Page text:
Given the tendency for emotional suppression in Chinese culture, the high level of emotional burden reported by vision-impaired participants, particularly in men, in this study is noteworthy. Literature on gender differences relating to vision-specific distress is extremely limited, although differences in knowledge of mental illness, preference for professional help and medication and treatment methods in Chinese-speaking Australian men and women have been reported.24 For example, compared with women, men adhered more to traditional views on the causation of mental illness; reported greater endorsement of the ‘deal with it alone’ approach and had greater belief in the efficacy of ‘traditional Chinese medical doctor’ and ‘Chinese herbal medicines’ for persons with severe mental illness.24 Given that, in general daily life patients, especially men, may be reluctant to admit that they are struggling to cope and may instead ‘suffer in silence’, clinicians need to be aware of the emotional difficulty associated with severe VI, and proactively refer patients for counselling if needed. Similarly, public campaigns to reduce stigma associated with difficulty coping may increase the uptake and effectiveness of interventions to improve emotional well-being in patients with VI.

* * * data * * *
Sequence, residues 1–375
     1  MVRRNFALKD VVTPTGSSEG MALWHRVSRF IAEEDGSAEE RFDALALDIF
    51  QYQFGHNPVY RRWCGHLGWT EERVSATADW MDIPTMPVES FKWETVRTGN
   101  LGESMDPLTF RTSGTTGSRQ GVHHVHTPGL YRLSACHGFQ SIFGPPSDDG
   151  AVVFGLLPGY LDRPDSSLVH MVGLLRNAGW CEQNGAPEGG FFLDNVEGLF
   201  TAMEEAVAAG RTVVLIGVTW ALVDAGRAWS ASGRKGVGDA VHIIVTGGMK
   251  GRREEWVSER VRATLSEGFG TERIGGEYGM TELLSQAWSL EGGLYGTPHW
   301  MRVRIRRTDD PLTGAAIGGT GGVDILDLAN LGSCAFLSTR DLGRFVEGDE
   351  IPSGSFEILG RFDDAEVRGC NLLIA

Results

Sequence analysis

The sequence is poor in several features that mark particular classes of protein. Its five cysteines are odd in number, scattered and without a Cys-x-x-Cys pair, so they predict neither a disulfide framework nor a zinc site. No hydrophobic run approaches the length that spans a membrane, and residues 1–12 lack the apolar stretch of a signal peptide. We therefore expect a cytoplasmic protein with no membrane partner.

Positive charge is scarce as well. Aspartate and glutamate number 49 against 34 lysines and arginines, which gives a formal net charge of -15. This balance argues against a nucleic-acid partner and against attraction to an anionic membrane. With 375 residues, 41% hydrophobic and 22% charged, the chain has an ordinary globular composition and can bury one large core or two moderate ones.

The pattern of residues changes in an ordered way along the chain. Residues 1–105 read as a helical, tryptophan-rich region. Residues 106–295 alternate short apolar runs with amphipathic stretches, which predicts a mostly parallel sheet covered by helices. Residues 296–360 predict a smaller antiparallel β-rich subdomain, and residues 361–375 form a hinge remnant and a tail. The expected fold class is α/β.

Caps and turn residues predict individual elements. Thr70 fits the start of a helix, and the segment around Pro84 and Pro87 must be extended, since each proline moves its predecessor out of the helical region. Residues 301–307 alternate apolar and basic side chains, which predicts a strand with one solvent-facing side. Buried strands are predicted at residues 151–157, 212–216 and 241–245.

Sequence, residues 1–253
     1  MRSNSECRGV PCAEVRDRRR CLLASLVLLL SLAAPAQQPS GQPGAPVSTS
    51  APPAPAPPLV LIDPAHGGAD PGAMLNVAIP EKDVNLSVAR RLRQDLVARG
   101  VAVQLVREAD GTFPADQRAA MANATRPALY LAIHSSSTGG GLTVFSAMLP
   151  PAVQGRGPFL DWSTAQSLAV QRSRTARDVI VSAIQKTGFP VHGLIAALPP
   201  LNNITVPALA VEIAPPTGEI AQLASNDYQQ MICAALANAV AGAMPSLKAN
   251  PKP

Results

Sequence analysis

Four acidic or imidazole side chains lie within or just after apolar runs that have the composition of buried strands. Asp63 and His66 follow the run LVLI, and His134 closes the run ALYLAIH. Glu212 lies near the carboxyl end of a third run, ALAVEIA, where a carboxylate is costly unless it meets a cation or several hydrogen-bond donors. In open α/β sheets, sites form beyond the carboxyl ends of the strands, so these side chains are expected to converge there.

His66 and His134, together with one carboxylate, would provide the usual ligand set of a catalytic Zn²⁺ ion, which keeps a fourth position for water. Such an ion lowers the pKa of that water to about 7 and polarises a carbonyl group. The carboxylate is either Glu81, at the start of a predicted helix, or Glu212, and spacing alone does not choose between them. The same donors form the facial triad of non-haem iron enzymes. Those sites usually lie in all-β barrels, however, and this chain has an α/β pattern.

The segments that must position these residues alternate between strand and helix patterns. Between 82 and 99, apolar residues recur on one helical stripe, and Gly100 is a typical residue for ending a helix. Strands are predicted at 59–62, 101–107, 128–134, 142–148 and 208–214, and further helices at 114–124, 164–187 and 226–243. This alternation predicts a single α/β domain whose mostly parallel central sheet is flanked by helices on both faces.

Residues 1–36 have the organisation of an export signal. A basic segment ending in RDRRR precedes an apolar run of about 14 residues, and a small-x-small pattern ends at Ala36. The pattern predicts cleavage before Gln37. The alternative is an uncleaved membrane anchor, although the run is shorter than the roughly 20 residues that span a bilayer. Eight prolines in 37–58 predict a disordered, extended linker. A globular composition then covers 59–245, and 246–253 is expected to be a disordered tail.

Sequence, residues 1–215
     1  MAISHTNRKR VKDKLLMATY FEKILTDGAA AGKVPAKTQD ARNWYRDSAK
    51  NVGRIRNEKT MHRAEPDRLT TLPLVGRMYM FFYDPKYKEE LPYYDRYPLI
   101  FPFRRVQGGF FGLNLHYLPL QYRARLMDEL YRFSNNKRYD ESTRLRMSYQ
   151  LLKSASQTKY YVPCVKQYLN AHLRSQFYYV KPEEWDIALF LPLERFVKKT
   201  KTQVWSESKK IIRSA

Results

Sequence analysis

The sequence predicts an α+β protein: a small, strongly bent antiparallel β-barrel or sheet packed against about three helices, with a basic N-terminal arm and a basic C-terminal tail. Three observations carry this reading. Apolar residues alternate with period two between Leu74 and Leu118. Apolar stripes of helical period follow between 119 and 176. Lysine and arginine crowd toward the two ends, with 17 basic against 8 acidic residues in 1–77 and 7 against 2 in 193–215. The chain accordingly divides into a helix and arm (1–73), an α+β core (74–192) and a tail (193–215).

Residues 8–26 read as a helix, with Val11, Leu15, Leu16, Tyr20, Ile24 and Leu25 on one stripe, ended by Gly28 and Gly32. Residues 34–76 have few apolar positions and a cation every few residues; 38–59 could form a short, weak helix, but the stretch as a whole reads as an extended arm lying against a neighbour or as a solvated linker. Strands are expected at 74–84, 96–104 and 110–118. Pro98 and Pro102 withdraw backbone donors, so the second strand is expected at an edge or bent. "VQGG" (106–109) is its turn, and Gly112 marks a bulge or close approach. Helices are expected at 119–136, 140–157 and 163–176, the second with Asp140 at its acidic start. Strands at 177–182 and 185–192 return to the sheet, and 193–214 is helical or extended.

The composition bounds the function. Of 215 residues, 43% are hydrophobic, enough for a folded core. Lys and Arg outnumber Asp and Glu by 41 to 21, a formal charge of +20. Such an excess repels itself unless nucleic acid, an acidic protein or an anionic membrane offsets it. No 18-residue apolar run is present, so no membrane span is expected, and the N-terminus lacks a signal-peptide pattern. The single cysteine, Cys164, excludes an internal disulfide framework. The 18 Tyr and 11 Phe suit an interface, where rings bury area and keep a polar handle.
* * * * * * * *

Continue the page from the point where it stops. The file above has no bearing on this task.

After accounting for VI, glaucoma patients had a substantially greater reduction in overall vision-specific emotional well-being compared with those with other eye diseases. We also found in a related study25 that glaucoma patients reported substantial reductions in mobility and independence, which could explain the considerable emotional burden observed by glaucoma patients in the current study. Other population-based and clinical studies in Asia7 ,26 and the West6 have also found an independent association between glaucoma and reduced psychosocial functioning. That the association between glaucoma and vision-specific emotional well-being was not wholly driven by visual acuity may be because glaucoma affects peripheral field before central vision meaning that most persons with glaucoma do not lose central acuity until late in the course of disease.6 It also suggests that loss of peripheral vision, difficulty with light/dark adaptation and contrast sensitivity may be important contributors to emotional well-being in patients with glaucoma. Our results suggest rehabilitation therapies for glaucoma patients should focus on assisting them to cope with loss of visual function associated with these visual parameters.